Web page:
For the last six years, Stephen Carballo has been travel tattooing all over the world. From Sweden and Norway, to Thailand, Bali, and Japan, Carballo cruised all over Europe and beyond, tattooing, making money, skating, snowboarding, partying, blowing all of his money, and then starting all over again.
After deciding to do a year abroad while studying at Otis College of Art and Design, Carballo moved to Stockholm, Sweden, where he finished his Bachelor’s degree, nailed down some sweet internships, and began cultivating a large clientele. Never spending too much time in one place, Carballo would stay in a city, tattoo for a week or two, then move onto his next destination. It was during these six wild years that Carballo largely developed and derived his style, infusing the aesthetics of artists around him and of those he looks up to, into his drawings and designs. However, Carballo’s style now undoubtedly stands on its own. Sure, there are a lot of people that use bold lines just like him, and there are a lot of people that stipple just like him, but what differentiates his work from the next person is his choice of subject matter, and the way he innately interjects his personality in each piece he does. For Carballo, the method and execution, are just the mediums for the idea and the concept.
Carballo’s undeniably authentic and minimalist style shines through in more than just his tattooing — including his surfboard shaping, his apparel designs, and his fine art — and his shop The Los Angeles River plays host to the wide variety of creative products that he imagines and then executes. Nestled on the corner of 6th and Spring St. in downtown Los Angeles, the shop demonstrates Carballo’s impeccable taste, which is a striking balance of both originality and tradition. We caught up with Carballo, who told us about his first sketchy tattoo at 15, how he differentiates himself in an over-saturated art market, and why just being creative in general is integral to who he is. You wrote graffiti for a long time, who were some of the graffiti writers you looked up to and were inspired by?
This was back before the days of Facebook, Instagram, or even Myspace so most of the stuff I would see was either in real life, or in forums and blogs, like Bombing Science and 50mm. I think some of my biggest influences in my early days were Mike Giant and Norm. I saw both of them come from the graffiti background and transition into tattooing and do it big. I was always business oriented from day one so those dude really got me thinking, “Wow this might be a good opportunity for me to make some cash.”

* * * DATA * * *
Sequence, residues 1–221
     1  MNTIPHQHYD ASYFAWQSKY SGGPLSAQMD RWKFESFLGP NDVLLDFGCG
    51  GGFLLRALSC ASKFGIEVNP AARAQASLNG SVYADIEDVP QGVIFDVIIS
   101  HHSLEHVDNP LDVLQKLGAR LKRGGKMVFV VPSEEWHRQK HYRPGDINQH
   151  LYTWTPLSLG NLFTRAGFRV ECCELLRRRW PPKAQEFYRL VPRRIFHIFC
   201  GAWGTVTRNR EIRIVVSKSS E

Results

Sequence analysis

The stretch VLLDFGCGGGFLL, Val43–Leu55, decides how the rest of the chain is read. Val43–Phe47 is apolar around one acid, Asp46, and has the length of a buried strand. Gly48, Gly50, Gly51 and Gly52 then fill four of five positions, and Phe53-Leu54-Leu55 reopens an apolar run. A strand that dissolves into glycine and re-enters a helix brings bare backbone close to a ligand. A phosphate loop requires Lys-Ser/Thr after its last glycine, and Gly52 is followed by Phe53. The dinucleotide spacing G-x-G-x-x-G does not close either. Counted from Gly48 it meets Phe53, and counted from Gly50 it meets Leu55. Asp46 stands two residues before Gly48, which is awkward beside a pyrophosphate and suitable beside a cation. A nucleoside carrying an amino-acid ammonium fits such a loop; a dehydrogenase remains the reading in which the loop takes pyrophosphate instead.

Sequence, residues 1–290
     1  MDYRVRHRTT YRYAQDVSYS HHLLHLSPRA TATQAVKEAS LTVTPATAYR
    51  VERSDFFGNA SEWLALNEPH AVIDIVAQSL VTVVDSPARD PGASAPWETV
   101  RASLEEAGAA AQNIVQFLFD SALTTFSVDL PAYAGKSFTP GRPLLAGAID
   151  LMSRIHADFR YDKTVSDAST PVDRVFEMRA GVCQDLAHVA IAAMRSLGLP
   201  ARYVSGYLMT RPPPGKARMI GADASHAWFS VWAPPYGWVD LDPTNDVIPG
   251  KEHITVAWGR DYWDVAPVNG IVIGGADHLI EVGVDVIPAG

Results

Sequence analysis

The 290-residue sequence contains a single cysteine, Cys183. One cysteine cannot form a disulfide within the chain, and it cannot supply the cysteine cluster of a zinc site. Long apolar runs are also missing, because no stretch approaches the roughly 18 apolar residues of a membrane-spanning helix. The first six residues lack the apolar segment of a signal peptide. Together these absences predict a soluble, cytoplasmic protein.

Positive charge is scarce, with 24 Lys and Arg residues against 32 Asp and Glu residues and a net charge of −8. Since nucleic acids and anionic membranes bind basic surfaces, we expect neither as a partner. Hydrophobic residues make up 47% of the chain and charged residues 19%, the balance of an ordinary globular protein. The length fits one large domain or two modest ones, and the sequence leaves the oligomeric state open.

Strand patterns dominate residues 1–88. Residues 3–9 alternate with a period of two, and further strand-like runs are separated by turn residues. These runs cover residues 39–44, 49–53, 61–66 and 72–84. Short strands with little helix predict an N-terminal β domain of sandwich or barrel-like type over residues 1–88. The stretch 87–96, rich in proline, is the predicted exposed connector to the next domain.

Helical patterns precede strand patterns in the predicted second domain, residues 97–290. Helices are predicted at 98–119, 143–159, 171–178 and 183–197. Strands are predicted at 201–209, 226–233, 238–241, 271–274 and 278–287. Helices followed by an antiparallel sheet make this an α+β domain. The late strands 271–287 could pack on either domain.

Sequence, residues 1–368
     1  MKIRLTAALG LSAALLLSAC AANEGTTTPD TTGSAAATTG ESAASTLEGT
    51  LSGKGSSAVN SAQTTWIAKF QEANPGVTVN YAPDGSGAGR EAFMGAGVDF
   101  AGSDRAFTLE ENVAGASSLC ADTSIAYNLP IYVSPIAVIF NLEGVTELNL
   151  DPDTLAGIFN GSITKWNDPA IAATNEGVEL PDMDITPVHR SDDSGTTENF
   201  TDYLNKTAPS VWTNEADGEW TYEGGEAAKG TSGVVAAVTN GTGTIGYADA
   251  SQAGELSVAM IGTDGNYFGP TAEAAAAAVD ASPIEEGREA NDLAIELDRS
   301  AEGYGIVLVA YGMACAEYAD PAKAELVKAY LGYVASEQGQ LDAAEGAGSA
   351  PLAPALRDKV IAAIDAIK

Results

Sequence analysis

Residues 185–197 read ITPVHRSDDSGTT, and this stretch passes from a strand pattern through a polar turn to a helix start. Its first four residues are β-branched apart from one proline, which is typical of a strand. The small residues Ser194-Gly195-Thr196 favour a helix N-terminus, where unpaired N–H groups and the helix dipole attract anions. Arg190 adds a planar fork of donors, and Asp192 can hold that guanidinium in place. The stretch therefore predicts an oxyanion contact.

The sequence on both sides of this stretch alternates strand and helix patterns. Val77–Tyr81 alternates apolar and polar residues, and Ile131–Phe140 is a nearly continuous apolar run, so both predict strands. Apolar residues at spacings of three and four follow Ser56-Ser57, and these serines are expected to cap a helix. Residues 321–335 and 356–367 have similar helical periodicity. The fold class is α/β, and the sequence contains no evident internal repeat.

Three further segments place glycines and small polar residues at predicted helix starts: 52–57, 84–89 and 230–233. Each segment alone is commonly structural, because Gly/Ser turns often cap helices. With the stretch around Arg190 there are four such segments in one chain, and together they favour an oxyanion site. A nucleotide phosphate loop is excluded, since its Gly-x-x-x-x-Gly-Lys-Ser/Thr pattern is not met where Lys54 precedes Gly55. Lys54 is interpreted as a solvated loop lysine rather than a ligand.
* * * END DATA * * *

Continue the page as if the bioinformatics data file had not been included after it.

How did you make the transition from graffiti to illustration and tattooing?
Well since my drawing skills weren’t too strong at the time I really just focused on tattooing what I felt comfortable with, and that was letters and words. So back then I tried to do my shitty rendition of cholo lettering and script and such. I was lucky enough, in my early days, to have tons of skateboard and punk rock friends that were more than willing to let me practice on them. I would trade bad kids tattoos for stolen GPS devices, iPods, or just small amounts of cash for ink and needles. Regardless of how shitty I was at tattooing, the good thing was I always had the mentality that I was on my way to be the best. Thinking back on it, the tattoos I did back then were terrible, but in my mind I really thought I was “the man” and that my work was the best. It wasn’t until design school where I learned fundamental drawing skills, and composition, which really helped push me into other styles of tattooing, and years later brought me to where I am today.
When did you get your first tattoo? Where was it at? Who did it? Set the scene for us.
Oh boy. It was pretty gnarly. First of all I was 15, and I was looking far and wide for anyone that had a tattoo machine and would be willing tattoo me. I ended up finding out that one of my graffiti buddies had an older brother that had just bought a machine off eBay and was tattooing people in the back of his ghetto-ass apartment building in Reseda. In my naive mind I thought if you had tattooed a few people you must be pretty good. I remember him pulling the needle and the metal tube out of a kitchen bowl full of alcohol, which I guess to him was sterilizing it, and setting it up to tattoo me. He freehanded a full Old English last name on the top of my back, all big, filled in black using a tiny 3 liner. It was terribly painful and took hours, but I assumed that was just the normal pain of getting tattooed. When I got my first professional tattoo I was so relieved to find that the pain wasn’t as crazy as the first time. Now I look back and thank god I didn’t get any fucked up diseases from that experience. But hey you live and you learn. Overall I’m pretty happy with the tattoo to this day, it’s not perfect, but its got that old faded look haha.
The tattoo industry and art world are both pretty over-saturated industries. How do you differentiate your artwork, tattoos, and yourself so that you don’t get lost in the crowd?
Oh yeah big time. Theres a million people tattooing in a million different ways. I feel like a big part of it is just finding your process and finding your style and what works for you. It’s not something that happens overnight, and it’s not something you just formulate, your style just happens over time. In your early stages its about learning technical ability and just being a competent tattooer; being able to follow a straight line, being able transition from color to color, and using proper contrast. From there it goes into absorbing styles and influences from those artists around you and those that you look up to. Once you’ve mastered mimicking other artists styles, you can then apply your own subject matter and do your own take on it, which eventually develops into your own original style. Theres a lot of people that use bold lines just like me, there is a lot of people that stipple just like me, but what differentiates me from the next man is my choice of subject matter, and my personality that comes out in my work. The method, and execution, is just the medium for the idea and the concept. Haha I could babble on for hours about my take on tattooing, fine art, and where the industry is going so for the sake of not boring you to death I will move on.